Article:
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Amandeep Kaur, Sukhjeet K.

Ranade , Megha Kansal / International Journal of Engineering Research and Applications (IJERA) ISSN: 2248-9622 www.ijera.com Vol. 2, Issue4, July-August 2012, pp.2282-2287

Collusion Resistant Fingerprinting In DCT Domain


Amandeep Kaur*, Sukhjeet K. Ranade**, Megha Kansal***
#

CSE Department, Punjabi University Patiala, India

Abstract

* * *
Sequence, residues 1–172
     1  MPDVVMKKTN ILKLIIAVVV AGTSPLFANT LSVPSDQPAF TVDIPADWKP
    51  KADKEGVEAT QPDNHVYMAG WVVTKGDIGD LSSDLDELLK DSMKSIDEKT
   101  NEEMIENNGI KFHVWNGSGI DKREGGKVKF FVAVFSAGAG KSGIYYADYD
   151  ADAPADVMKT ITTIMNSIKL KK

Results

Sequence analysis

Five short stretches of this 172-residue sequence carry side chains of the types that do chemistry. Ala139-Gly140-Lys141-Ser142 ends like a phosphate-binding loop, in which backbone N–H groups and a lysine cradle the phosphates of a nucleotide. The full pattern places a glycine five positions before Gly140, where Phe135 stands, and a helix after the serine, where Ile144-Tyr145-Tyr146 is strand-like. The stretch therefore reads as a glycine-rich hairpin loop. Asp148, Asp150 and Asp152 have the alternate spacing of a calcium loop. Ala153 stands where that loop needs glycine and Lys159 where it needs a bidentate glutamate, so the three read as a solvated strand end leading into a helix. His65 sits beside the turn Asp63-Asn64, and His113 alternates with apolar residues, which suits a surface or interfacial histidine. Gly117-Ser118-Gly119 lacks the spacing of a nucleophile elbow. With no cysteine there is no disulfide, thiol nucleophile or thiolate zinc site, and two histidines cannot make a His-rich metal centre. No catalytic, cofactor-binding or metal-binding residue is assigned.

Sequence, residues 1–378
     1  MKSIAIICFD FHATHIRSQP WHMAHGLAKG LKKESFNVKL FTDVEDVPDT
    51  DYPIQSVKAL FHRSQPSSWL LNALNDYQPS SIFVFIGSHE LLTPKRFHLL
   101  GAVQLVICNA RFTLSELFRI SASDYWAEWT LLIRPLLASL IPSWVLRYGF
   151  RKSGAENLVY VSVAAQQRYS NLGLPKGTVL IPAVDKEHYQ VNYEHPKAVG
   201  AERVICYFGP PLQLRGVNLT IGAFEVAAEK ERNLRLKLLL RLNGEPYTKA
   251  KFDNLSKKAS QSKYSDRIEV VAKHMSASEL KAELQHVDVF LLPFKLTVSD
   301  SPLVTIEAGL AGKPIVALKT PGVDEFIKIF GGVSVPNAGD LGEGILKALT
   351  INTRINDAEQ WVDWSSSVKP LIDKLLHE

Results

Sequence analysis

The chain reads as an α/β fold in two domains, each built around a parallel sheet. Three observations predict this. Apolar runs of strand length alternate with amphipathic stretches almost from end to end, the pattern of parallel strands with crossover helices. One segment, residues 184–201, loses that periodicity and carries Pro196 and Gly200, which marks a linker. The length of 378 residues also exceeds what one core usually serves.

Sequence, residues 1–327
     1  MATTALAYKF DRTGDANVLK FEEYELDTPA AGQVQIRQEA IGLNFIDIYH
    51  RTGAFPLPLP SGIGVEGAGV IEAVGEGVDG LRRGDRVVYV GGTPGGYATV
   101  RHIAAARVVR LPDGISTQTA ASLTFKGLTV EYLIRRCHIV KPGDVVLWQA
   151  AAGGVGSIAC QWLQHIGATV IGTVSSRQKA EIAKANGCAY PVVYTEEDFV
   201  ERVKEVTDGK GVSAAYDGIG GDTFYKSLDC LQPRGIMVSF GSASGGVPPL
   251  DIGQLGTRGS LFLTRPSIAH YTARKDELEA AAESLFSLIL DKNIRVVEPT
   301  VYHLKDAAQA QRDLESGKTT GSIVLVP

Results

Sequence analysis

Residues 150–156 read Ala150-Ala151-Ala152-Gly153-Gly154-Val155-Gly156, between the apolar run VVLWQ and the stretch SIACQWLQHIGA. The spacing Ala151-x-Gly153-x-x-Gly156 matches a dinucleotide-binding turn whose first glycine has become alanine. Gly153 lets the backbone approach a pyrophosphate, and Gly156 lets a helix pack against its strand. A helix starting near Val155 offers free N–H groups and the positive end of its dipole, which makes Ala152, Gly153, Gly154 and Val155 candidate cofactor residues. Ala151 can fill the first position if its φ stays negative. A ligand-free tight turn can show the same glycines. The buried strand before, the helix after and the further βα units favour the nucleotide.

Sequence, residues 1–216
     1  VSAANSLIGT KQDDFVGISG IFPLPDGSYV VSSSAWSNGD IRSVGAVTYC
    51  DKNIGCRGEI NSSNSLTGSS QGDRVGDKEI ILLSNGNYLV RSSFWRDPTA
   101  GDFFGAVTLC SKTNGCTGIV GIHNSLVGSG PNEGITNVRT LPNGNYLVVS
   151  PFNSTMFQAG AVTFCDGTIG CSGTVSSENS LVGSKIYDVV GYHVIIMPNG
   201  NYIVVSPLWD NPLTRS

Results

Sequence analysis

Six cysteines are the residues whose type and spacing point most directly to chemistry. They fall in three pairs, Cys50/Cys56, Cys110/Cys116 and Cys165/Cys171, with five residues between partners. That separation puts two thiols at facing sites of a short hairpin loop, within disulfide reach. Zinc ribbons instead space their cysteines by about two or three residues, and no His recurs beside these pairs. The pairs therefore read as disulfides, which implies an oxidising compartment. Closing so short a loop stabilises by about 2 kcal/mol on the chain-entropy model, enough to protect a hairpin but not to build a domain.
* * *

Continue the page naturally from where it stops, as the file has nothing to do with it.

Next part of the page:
Digital fingerprinting is a technique for identifying users who use multimedia content for unintended purposes, such as redistribution. These fingerprints are typically embedded into the content using watermarking techniques that are designed to be robust to a variety of attacks. A cost-effective attack against such digital fingerprints is collusion, where several differently marked copies of the same content are combined to disrupt the underlying fingerprints. Anti-Collusion Codes (ACCs) are employed to design the fingerprints, which can accommodate more users than orthogonal modulation based fingerprints with the same amount of signals. The selected DCT coefficients of the original image are quantized according to fingerprints; quantization table is employed to improve the ability of anti-compression. Blind fingerprint detection scheme has larger capacity and is more efficient than the existing algorithms. generating algorithm and tracing algorithm has very high efficiency. General process of image fingerprinting embeds data into a host image. The ground process of fingerprinting is depicted in figure 1. The process constitutes of three phases; embedding a fingerprint, during transmission it may undergo some possible attacks and tracing the pirate. A unique fingerprint is assigned to each intended recipient, which facilitates the tracing of the culprits who illegally distribute their data. To protect the content, it is difficult to remove the fingerprint from the content. For multimedia content, fingerprints can be embedded using conventional watermarking techniques that are robust against the variety of attacks mounted by an individual. The global nature of the internet has brought adversaries closer to each other. It is now easy for a group of users with differently marked versions of the same data to work together and collectively mount attacks against the fingerprints. These attacks are known as multiuser collusion attacks. These attacks provide a costeffective method for attenuating each of the colluders fingerprints. An improperly designed embedding and identification scheme may be vulnerable in the sense that a small coalition of colluders can produce a new version of the content with no detectable traces. Collusion poses a real threat to protecting media data. So it is desirable to design fingerprints that resist collusion and identify the colluders. In this Paper, we first provide background on robust data embedding, upon which the multimedia fingerprinting system is built. We also introduce the basic concepts of fingerprinting and collusion and provide a discussion on the various goals associated with fingerprint design and colluder tracing in section 2. In section 3, the fingerprint embedding using quantization theory is illustrated. We also present the fingerprint detection and colluder tracing. II. THE BACKGROUND Fingerprinting multimedia requires the use of robust data embedding methods that are capable to resist attacks that adversaries might employ to remove the fingerprint. Collusion-resistant fingerprinting also requires that the fingerprints survive collusion attacks and can identify colluders. The earliest concept of fingerprinting used to identify the users was proposed by Wagner in 1983 [1]. Now with the development of multimedia technologies the current fingerprinting focuses on tracing colluders.